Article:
Wel-Com regularly features through its obituaries memories of priests, religious and laity and their service – jubilees likewise. May I single out for special collective tribute those religious sisters who played a special part in our post-Vatican II history?
Many of us were hugely privileged to be part of the spirit emanating from this remarkable Council. We also knew how reluctant some were to embrace it. For some parish priests it was too much of ‘throwing out’. Feelings of diminishment cut deep. A surge of laicisations didn’t help.
Vatican II enthusiasts relished the theology of ‘the priesthood of all the baptised’, the suggestion that the Church is a ‘Pilgrim People’ and that the Bible was much more than the pre-selections of the lectionary. Vernacular liturgy was a breath of fresh air.
In this early 1970s mix, religious congregations re-examined their own mission: Was school teaching their best form of service? Our ’70s university campuses saw many sisters in modernised dress and with re-instated baptismal names, darting from tutorial to lecture to library, lifting their professional qualifications, while also adding theological and pastoral wisdom to their CVs.
Srs Patricia, Joan, Pauline, Colleen, Mary, Catherine, Noelene, Connie, Barbara, Marie, Judith, Anne, Makareta, Cathy, Joan, Kathleen, Genevieve, Teresa, Elizabeth, Paula et al – you helped priests and parishes to trust in this ‘new church’. Your congregational leaders facilitated your overseas study to gain fresh expertise for adult education in faith to serve our bishops and dioceses. The group-dynamics industry flourished, if somewhat reliant on USA resources. I recall arriving at Forrestal House in Inglewood one Friday evening in the mid-’70s with three others for a seminar which two Sisters led on Avery Dulles’ Models of the Church. Such exciting new insights. Dioceses developed their own pastoral centres. Our Palmerston North facility was a jewel. Wellington had Futuna.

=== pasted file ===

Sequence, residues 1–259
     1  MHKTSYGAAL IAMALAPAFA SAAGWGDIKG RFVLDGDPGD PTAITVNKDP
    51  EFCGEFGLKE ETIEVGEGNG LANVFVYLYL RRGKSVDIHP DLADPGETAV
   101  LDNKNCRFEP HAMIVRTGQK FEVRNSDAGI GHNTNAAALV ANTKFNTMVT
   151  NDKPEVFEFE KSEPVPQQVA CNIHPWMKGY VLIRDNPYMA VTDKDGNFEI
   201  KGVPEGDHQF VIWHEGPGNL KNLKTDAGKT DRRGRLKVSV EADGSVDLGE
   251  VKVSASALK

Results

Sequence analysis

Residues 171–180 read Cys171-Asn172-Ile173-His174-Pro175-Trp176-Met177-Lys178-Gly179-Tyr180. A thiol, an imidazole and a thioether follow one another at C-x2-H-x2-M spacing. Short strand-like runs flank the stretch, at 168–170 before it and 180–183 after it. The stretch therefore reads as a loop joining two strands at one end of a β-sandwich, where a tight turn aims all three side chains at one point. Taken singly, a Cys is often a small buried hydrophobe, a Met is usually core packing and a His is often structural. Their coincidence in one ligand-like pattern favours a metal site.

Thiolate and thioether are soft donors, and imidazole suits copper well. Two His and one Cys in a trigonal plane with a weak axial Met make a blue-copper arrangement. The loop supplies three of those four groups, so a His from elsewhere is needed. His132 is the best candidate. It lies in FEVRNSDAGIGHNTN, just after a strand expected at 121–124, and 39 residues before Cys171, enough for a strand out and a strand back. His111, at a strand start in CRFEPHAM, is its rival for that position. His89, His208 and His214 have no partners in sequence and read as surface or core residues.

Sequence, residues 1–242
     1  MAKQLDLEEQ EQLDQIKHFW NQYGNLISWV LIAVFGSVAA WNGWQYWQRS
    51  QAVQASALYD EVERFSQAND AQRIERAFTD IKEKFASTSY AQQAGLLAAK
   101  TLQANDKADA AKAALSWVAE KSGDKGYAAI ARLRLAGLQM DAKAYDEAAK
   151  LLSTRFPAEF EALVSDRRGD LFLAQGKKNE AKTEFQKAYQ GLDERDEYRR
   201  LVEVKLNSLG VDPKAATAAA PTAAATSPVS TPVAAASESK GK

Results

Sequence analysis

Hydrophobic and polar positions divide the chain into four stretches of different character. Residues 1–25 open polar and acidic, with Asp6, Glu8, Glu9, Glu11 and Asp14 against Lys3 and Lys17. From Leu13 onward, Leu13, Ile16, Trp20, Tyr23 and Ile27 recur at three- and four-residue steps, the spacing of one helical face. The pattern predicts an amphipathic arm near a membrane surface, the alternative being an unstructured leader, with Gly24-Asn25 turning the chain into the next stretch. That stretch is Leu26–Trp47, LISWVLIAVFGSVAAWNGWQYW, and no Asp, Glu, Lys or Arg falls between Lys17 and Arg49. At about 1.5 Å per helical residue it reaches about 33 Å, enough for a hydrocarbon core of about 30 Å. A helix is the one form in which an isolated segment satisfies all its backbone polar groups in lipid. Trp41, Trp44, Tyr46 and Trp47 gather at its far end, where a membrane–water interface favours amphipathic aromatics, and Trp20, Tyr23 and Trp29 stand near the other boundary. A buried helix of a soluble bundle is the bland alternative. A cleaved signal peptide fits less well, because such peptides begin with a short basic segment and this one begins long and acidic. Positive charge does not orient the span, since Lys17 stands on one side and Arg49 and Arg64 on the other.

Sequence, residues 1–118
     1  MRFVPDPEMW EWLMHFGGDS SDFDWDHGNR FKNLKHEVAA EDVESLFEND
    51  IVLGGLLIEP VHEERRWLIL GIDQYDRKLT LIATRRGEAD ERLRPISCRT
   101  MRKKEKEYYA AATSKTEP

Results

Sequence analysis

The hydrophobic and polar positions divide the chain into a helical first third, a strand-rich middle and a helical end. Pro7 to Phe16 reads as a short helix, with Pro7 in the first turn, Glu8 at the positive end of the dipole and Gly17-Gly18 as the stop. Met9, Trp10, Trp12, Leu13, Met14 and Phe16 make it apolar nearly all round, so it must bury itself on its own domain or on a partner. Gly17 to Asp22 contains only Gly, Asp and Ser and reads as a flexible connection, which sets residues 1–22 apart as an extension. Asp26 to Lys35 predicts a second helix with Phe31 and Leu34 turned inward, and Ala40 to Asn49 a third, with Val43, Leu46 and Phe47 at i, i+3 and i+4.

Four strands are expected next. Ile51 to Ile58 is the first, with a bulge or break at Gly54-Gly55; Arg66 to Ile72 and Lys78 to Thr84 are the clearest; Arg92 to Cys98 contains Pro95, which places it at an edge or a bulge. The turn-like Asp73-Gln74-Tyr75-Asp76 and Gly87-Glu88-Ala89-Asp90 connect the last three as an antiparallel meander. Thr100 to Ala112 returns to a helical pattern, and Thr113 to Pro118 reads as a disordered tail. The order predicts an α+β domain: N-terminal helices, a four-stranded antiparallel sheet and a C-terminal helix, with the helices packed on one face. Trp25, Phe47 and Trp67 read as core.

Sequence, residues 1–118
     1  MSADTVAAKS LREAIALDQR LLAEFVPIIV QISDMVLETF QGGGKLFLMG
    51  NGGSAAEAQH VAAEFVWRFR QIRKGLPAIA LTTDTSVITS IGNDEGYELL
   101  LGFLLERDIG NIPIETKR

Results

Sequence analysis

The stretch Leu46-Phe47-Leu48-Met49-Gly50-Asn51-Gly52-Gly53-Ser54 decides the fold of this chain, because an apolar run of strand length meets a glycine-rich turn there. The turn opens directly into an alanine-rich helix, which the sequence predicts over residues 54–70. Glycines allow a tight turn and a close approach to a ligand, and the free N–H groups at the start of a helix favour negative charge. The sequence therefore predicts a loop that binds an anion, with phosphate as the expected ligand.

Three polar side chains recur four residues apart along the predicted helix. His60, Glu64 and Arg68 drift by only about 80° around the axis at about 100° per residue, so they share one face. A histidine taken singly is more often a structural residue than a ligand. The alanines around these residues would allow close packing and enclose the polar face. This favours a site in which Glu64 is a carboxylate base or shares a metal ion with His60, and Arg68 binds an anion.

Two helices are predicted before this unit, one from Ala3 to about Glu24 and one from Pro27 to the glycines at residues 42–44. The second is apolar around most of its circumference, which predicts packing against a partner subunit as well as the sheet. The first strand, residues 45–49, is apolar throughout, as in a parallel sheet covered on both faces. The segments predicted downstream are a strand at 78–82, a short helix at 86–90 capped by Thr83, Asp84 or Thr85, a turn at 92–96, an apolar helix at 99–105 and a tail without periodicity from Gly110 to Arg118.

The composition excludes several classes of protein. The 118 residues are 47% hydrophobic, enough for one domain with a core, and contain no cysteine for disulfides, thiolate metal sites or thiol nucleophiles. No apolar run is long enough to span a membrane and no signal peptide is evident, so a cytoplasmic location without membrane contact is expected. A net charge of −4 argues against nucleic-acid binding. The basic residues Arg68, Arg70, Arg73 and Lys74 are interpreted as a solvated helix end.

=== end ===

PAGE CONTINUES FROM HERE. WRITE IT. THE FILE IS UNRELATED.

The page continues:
The 1970s merged into the ‘80s. Sisters facilitated new styles of prayer and reflection. Social justice issues were highlighted. Materials rolled off photocopy machines for seminars and retreats – some great music, too. People now in their 70s and 80s will attest that their own faith renewal was greatly helped by these adult formation outreaches. More lay people responded to serve in parish ministries. Our bishops brokered the Catholic schools’ system to integration with the State system. Nowadays our mostly lay-staffed schools are challenged to be leaders in evangelisation.
The new millennium saw Rome’s leadership entrench a mood of reining-in. But the will of God in God’s people ensures new spirit arises. Religious congregations discern that old models don’t fit; ‘first World’ Church has different needs from those of emerging entities. Structure for its own sake is self-serving and unworthy. Pope Francis speaks to us in a different way from that of his predecessors.
Lay leaders today serve alongside fewer vowed and ordained religious women and men. Supplanting the service of religious on a stipend with lay employees being paid a salary is a financial challenge.
I am grateful for those years of gospel-centred renewal and especially for the interfacing role of those generous Sisters who served our bishops and parishes so well. Some still do. You are, and were, visible treasures and you live on in many lives and memories. Deo Gratias.